Troy Emery is an artist based in Melbourne and has an art practice encompassing sculpture, painting, drawing, and embroidery. Troy spent his youth in the regional city of Toowoomba in South East Queensland but relocated to Hobart, Tasmania to attend art school. He graduated from a Bachelor of Fine Art (hons) at the Hobart School of Art, University of Tasmania in 2005. Troy then completed a Masters of Fine Art at Sydney College of the Arts, University of Sydney in 2010.
Troy’s work is held in various private and public collections, including The National Gallery of Victoria, Art Bank Australia Collection, City of Townsville Art Collection, Goulburn Regional Art Gallery Collection, and Deacon Art Museum. Troy is represented by Martin Browne Contemporary gallery in Sydney, NSW.
In 2014, Troy was recipient of an Australia Arts Council residency in Tokyo and travelled to Japan in 2015 for a 3-month research trip to look at Japanese animal mascots. In the same year Troy undertook two artist-in-residences. The first was in Hill End, NSW through the Bathurst Regional Art Gallery, and the second was at The Australian Tapestry Workshop in Melbourne, VIC.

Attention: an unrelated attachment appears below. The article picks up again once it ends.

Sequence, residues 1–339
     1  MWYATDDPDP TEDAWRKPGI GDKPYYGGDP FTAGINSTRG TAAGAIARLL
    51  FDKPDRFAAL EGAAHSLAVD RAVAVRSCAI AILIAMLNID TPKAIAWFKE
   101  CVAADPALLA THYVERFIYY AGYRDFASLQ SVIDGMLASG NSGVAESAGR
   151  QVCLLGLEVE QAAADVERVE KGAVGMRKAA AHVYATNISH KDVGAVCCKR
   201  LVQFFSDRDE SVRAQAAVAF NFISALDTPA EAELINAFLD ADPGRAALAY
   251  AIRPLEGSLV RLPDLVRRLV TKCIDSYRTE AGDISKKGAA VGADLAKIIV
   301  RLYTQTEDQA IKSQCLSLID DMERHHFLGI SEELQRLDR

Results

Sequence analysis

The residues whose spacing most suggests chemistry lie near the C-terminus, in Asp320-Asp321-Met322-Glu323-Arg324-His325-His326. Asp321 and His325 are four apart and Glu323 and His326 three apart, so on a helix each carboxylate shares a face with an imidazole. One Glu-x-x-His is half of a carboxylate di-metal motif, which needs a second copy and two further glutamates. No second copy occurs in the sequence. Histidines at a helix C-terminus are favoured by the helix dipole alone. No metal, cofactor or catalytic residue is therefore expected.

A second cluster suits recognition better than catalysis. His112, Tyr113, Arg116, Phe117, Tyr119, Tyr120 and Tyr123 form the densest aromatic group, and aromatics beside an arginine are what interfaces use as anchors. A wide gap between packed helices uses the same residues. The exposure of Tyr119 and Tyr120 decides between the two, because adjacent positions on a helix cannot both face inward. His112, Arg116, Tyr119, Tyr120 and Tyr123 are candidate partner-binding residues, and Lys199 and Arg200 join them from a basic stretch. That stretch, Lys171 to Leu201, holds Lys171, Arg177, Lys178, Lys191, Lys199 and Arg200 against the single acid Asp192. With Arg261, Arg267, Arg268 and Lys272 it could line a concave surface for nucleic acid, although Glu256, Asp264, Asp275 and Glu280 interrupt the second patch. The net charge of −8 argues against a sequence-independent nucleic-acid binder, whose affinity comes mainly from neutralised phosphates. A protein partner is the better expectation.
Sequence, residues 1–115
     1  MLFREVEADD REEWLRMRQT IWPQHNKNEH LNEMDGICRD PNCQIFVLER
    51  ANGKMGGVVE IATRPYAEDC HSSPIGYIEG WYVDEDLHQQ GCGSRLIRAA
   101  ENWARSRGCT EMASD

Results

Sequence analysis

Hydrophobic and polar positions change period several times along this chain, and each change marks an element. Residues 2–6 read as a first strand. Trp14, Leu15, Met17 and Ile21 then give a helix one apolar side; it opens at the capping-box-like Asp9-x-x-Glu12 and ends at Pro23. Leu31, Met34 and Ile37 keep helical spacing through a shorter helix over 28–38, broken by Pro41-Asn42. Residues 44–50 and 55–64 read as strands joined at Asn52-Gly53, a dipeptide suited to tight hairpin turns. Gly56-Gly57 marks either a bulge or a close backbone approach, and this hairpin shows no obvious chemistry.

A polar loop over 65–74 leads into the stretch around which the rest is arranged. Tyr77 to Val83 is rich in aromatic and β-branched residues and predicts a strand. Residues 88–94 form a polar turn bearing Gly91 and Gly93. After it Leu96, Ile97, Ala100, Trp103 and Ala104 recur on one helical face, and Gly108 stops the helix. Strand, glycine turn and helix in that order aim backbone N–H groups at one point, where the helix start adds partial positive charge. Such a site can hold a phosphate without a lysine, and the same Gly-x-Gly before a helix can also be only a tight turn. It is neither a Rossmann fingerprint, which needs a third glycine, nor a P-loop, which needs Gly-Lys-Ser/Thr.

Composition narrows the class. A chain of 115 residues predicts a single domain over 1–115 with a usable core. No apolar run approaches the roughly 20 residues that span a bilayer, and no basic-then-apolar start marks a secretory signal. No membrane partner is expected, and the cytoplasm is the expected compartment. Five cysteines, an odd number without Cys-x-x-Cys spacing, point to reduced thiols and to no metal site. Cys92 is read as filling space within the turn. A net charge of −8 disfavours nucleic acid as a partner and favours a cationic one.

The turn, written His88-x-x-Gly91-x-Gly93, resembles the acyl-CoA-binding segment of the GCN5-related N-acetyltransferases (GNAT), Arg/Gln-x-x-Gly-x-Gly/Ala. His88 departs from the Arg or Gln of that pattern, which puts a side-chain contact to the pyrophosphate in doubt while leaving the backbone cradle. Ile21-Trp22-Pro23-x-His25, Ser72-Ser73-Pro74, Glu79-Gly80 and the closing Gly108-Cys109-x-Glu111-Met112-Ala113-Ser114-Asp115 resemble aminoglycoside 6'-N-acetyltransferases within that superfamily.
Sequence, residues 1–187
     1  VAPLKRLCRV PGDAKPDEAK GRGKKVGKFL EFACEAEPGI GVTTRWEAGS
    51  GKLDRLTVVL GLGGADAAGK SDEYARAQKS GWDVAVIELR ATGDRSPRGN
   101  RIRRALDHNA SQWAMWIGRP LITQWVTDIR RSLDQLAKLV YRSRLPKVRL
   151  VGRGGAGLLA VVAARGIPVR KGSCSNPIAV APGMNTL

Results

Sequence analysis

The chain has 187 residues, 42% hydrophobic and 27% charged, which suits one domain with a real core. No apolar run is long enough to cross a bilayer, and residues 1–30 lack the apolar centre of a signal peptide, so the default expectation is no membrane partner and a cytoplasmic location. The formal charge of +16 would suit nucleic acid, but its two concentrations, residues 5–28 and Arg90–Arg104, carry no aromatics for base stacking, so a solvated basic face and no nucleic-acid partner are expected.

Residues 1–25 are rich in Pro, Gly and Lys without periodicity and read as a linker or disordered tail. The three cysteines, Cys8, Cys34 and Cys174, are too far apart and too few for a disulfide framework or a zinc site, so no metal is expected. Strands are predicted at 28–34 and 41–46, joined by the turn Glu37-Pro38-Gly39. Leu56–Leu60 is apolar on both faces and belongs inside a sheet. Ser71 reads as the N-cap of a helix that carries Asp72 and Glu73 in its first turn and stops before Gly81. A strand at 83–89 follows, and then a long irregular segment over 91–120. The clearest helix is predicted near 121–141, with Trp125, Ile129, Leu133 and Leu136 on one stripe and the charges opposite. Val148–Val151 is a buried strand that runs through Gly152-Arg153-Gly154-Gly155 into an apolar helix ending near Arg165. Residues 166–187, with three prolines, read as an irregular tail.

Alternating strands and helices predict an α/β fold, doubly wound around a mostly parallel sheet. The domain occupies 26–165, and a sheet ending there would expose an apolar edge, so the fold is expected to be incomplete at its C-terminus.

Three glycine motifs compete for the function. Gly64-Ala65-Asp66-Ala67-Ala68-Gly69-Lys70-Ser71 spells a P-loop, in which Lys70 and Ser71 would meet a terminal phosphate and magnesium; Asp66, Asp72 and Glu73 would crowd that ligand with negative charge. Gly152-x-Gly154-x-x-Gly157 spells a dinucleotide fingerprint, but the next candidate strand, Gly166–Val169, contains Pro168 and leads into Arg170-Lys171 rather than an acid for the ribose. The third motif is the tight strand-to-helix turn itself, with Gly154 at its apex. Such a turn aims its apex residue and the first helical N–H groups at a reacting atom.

Troy Emery's sculptural work explores animals as decorative objects as well as the aesthetics of trophy animals and plush toys. He uses materials such as pompoms, tassels, tinsel, and yarn in pieces that intentionally confuse traditional sculpture with handicrafts. Emery's paintings also explore the decorative qualities of animals but also depict the traditional subject matter of animals, landscapes and Australiana. He uses thick impasto paint and sometimes lurid colours with the intent of fusing drawing and sculpture. These uses of materials are beautiful, colourful and alluring, and can be overwhelming when used in excess.
The role of surface and colour in the production his work is often exaggerated. The luscious textile pelt is a camp interpretation of the way skins and furs are cherished and fetishised. As natural specimens or species, Troy’s animal sculptures are impossible combinations of form, colour, and materials. They exist as hypothetical or mythological animals. These fluffy colourful forms are dream-like monsters that fuse an obsession with childhood stuffed toys and fascination in anthropological and natural history object collections.